Verdant Tea

Expanding the Collection

Expanding the Collection

Expanding the Collection

four new teas from Xingyang workshop

February 26, 2016

We are very excited to double our Xingyang collection with the addition of four new selections, first premiered in our January Tea of the Month Club box, curated by Xingyang. These two new sheng and shu pu’ers help give even more context for what Xinyang is about – careful, thoughtful bending and meticulous clean fermentation.

Xingyang’s aesthetic represents a very strong and self-aware striving towards the classic Chinese ideal in pu’er: sweet, long aftertaste, smooth mouthfeel, and lingering aroma. We love their mission to build a pu’er brand that stands for sustainable farming, quality sourcing, and peerless craftsmanship. China as a market is very brand-oriented, and the presence of innovators like Xingyang challenges the lower quality, questionable work of some larger workshops that survive on brand equity alone. We hope they continue to grow and continue to win awards in expos across the country so that the whole industry can get better.

To review these four teas before release, we took them to a collaborative project we are lucky to be involved in: IN Spirits Mixology, an aromatic infusions bar collaboration between our sister project Prohibition Kombucha and local natural aromatics company Intelligent Nutrients. We did an improptu tasting at the bar with a couple of regular patrons and liquor reps.

In tasting Xingyang’s pu’er with liquor people, we got in a long discussion on the parallels between our industries. The interesting stand out was discussing the idea of single mountain teas / single malt scotch vs blended teas and blended scotch.

The idea of blending is experiencing a resurgence in the liquor industry, becoming both trendy and legitimate. In pu’er and liquor, blending is a way to maintain control over a flavor profile and impose an aesthetic vision through varying seasons. It is something that has been done with Indian black tea and Japanese green tea for a long time, but is still a newer concept in China as brands begin to emerge in tea.

It was exciting to get a bar full of people sipping fine scotch and kombucha cocktail infusions to put down their drinks and use the same vocabulary they are used to from spirits to talk tea!



 Xingyang 2007 Wuliang Ailao Sheng

We started with the Xingyang LQ888 2007 Wu Liang Ailao Sheng, and decided to brew this Xingyang style: just 3g of leaf with 200 degree water and a long 45 second to a minute steep time. Brewed in this way, the first infusion was hugely full of apricot flavor, vanilla and brown sugar.

The second infusion was even sweeter – still full of apricot but now accented by more exotic florals like lotus and linden flower. Over several steepings, the florals and fruity notes become deeper and more woody and foresty with burdock and banana leaf aroma.

We were really interested in how this sheng is taking two specific regions with strong flavor aesthetics of their own and combining them together for a more rounded, blended experience. Wu Liang is known for sweet woody classic sheng flavor, while Ailao is more wild, medicinal and floral. The combination brings out the best in both.


Xingyang 2007 LQ838 Sheng

Next we tried the Xingyang LQ838 Sheng, a big leaf wild arbor tea  (qiao mu) from Xingyang. This tea was much more spicy and savory, even brewing up a darker color than the Wuliang Ailao cake from the same year.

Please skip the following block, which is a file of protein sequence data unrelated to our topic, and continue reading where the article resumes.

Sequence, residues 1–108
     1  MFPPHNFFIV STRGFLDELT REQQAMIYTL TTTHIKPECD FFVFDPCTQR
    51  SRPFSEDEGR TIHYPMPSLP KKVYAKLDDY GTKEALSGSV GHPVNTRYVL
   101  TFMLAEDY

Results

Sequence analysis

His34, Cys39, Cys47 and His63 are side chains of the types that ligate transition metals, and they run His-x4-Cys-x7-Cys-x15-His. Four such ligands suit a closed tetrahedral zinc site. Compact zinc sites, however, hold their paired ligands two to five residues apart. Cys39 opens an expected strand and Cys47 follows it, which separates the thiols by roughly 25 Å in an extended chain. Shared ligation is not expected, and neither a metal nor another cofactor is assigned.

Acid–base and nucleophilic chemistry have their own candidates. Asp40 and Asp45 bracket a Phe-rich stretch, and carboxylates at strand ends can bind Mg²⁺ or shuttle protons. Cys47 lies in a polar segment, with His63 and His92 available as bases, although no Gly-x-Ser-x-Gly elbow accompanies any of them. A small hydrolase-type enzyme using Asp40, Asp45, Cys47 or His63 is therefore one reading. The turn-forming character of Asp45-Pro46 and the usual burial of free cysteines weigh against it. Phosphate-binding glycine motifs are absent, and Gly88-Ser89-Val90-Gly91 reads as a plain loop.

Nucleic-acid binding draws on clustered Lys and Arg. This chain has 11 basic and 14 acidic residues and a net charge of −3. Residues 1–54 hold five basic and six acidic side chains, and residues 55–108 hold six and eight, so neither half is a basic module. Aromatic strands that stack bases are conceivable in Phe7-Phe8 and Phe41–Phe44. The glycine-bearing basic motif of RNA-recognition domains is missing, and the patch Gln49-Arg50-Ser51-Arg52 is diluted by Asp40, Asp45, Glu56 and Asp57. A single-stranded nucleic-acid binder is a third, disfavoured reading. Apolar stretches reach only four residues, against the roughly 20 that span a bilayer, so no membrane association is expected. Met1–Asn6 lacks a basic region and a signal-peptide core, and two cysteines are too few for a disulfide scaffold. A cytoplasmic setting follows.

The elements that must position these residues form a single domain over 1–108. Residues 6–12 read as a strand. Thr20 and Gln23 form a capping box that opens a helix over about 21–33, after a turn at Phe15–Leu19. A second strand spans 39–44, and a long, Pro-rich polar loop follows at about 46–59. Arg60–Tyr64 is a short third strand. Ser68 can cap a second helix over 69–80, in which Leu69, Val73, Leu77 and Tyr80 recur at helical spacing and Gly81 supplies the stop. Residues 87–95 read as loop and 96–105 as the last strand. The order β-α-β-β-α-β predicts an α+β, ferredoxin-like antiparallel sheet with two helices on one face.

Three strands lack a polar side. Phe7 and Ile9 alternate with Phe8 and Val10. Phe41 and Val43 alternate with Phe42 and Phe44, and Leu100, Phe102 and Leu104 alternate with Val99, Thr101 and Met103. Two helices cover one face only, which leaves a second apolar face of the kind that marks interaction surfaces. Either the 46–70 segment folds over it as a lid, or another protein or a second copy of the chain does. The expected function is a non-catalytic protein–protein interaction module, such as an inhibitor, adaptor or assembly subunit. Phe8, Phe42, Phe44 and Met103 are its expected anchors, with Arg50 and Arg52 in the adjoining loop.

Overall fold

We got a ton of deep tobacco and savory sweet Japanese nori on the first infusion, along with an exotic cumin and nutmeg accent in the background. In later infusions, the savory notes faded to make way for sweet tulsi and elderflower as well as a hint of fruity raisin flavor.

The in-cake insert from Xingyang emphasizes that the pressing and fermentation process on this tea was done with long term aging in mind. With almost ten years of age on these cakes, the results are clearly paying off!



Xingyang 2006 KT998 Shu Tuocha


Next we switched from Sheng pu’er to Shu pu’er, unwrapping an adorable 3g Xingyang tuocha. We steeped this Xingyang style, using the full 3g tuocha, 200 degree water and a one minute infusion. This reminded us of one of our favorite dishes in southern China, sticky rice cakes soaked in osmanthus syrup and caramelized in a wok.

The mouthful was creamy and thick, with a vanilla almond aroma. Supporting the light sticky rice flavor profile, we got a light, citrus zip with a caramelized brown sugar aftertaste (a profile that’s even more present with hotter water and a higher leaf-to-water ratio). After several infusions, the citrus becomes more pronounced, complemented with a maltier quality that reminded our liquor friends of cabernet.

The sweet, dessert-like quality of this tea made us nostalgic for Xiamen Dim Sum. The Gong Ting leaf material and age on this tea makes it a real find.



 Xingyang 2008 KT952 Loose Leaf Shu

Finally we turned our attention to the KT952 looseleaf shu pu’er, a lovely tea made from little buds. We were surprised by the amount of medicinal spice in this tea. We got a ton of anise, licorice and camphor flavor.

As the tea steeped out, the cooling quality continued to grow, accented by herbaceous rosemary and sweet lemon peel flavor. No matter how long we steeped this tea, we always got beautiful results. Our longest steeping even brought out papaya tropical fruit notes.

It was exciting to experience all four of these teas in the context of our other Xingyang offerings. We are constantly thrilled by both the diversity of flavor that Xingyang workshop is capable of, and their incredible aesthetic consistency in creating clean, classic profiles in everything they produce.



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